Friday, April 19, 2024

Facebook and Instagram encryption plans delayed to 2023

Plans to roll out end-to-end encryption on Facebook and Instagram have been delayed amid a row over child safety, reports the BBC. Meta, Facebook’s parent company, said messaging encryption on the apps would come in 2023. The process would see only the sender and receiver able to read messages. Law enforcement and Meta would not. However, child protection groups and politicians have warned that it could hamper police investigating child abuse. The National Society for the Prevention of Cruelty to Children (NSPCC), has claimed that private messaging “is the front line of child sexual abuse.” End-to-end encryption works by “scrambling” or encrypting the data while it travels between phones and other devices. The only way to read such messages is to get physical access to an unlocked device that sent or received it. The technology is the default for messaging service WhatsApp, also owned by Meta, but not the company’s other apps. The NSPCC sent Freedom of Information requests to 46 police forces across England, Wales, and Scotland asking them for a breakdown of the platforms used to commit sexual offences against children last year. The responses revealed:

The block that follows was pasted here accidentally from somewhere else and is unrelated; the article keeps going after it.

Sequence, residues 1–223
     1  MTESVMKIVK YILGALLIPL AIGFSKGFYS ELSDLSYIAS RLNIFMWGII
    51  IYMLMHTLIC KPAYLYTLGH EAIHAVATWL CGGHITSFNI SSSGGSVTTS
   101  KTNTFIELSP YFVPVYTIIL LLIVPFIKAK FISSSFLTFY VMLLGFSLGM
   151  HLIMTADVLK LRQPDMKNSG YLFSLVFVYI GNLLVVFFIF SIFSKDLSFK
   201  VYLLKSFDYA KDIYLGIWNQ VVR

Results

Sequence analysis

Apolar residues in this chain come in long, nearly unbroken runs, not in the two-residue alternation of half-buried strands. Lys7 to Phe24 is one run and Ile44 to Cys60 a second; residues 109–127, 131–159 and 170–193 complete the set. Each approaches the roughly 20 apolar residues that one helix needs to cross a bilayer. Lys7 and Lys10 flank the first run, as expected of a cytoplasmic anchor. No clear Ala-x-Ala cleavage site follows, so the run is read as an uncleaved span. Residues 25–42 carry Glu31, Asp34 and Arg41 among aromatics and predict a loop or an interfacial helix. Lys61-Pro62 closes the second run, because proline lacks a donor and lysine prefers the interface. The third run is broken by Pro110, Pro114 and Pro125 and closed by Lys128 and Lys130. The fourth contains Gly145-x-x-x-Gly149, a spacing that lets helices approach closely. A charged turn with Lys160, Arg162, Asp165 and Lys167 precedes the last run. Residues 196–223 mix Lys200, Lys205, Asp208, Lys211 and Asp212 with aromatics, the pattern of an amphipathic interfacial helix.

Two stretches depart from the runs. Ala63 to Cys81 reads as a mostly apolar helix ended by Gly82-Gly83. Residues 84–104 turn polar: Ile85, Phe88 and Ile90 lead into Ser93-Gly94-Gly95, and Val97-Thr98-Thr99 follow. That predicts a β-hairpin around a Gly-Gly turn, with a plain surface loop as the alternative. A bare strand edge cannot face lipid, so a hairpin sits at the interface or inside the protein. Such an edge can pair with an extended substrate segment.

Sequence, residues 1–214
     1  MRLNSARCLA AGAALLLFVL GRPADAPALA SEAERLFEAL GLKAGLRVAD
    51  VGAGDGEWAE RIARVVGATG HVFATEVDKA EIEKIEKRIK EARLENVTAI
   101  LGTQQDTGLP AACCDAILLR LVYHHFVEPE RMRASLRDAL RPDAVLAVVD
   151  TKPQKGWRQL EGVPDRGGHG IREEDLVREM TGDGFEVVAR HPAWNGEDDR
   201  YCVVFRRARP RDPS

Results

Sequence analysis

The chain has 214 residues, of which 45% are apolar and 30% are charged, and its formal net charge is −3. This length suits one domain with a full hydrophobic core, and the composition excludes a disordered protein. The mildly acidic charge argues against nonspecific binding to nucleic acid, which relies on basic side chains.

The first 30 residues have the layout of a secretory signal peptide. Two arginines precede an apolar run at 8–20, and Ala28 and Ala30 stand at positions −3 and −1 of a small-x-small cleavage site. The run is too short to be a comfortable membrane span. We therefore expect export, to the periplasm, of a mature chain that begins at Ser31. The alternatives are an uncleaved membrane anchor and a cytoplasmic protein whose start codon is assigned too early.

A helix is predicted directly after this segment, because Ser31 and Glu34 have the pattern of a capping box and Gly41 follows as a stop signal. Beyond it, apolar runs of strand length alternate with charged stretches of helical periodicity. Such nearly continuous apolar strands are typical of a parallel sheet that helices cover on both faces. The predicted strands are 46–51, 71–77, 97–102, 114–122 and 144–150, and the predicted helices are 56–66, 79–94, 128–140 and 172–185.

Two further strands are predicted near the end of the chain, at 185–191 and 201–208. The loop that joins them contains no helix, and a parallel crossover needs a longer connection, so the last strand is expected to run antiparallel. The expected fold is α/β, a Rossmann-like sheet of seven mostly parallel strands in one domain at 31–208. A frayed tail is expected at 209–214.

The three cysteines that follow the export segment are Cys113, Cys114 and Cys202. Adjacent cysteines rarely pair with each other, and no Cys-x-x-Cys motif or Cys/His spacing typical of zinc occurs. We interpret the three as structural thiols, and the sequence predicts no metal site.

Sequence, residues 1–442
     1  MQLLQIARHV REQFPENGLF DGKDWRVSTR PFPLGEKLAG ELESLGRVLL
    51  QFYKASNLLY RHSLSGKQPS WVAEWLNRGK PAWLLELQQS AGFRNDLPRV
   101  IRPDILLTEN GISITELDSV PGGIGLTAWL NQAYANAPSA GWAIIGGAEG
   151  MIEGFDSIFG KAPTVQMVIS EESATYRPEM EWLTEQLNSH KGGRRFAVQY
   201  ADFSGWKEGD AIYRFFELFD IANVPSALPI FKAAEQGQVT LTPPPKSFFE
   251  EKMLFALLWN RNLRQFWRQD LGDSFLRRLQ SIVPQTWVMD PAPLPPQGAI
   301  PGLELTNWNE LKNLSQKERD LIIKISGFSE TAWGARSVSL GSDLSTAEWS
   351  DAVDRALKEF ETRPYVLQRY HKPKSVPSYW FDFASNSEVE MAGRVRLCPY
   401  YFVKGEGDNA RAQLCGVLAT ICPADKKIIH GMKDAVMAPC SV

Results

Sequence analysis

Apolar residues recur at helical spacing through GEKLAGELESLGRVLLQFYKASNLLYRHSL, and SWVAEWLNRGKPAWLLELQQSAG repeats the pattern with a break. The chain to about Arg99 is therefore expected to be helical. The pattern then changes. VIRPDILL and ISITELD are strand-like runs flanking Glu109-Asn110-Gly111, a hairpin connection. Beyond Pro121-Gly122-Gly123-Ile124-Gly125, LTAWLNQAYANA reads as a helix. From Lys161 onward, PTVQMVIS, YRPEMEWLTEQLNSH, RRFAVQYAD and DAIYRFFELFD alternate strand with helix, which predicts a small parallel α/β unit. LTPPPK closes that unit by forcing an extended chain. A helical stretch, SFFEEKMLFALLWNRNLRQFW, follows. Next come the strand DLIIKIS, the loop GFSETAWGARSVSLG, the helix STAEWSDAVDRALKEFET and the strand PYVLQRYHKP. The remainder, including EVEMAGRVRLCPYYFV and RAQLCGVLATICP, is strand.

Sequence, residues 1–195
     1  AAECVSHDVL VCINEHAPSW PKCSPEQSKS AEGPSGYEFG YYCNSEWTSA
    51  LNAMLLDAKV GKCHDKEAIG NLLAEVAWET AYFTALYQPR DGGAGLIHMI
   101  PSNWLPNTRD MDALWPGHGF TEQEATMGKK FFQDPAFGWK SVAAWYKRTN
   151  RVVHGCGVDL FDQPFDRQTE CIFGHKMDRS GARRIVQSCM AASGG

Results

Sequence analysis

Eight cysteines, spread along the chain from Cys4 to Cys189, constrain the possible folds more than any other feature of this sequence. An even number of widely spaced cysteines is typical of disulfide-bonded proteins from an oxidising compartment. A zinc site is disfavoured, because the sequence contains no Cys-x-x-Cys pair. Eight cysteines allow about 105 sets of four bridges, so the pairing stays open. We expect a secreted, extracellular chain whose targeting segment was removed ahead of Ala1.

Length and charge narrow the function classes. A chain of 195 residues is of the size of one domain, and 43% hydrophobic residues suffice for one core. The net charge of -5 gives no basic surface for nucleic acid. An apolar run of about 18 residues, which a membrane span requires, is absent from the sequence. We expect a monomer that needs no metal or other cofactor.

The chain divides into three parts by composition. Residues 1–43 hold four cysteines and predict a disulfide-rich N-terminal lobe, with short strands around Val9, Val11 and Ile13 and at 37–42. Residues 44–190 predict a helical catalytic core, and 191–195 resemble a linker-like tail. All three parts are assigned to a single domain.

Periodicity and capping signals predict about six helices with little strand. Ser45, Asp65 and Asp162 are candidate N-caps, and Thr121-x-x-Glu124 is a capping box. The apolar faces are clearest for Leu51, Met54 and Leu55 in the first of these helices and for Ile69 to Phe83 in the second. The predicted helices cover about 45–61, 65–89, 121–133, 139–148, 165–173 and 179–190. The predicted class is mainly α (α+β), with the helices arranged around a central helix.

• more than 9,470 instances of child sex abuse images and online child sex offences were reported to police
  • 52% of these took place on Meta-owned apps
  • over a third of the cases took place on Instagram, and 13% on Facebook and Messenger, with few occurring via WhatsApp


That has led to fears that Meta’s plans to expand encryption to widely used Facebook Messenger and Instagram direct messages could shield the majority of abusers from detection. The NSPCC said that encrypting messages by default could lead to the easier spread of child abuse imagery or online grooming. But advocates say that encryption protects users’ privacy, and prevents prying by both governments and unscrupulous hackers. Meta chief executive Mark Zuckerberg made those arguments when he announced Facebook’s encryption plans in 2019.Antigone Davis, Meta’s global head of safety, said that the delay in implementing encryption to 2023 was because the company was taking its time “to get this right.”

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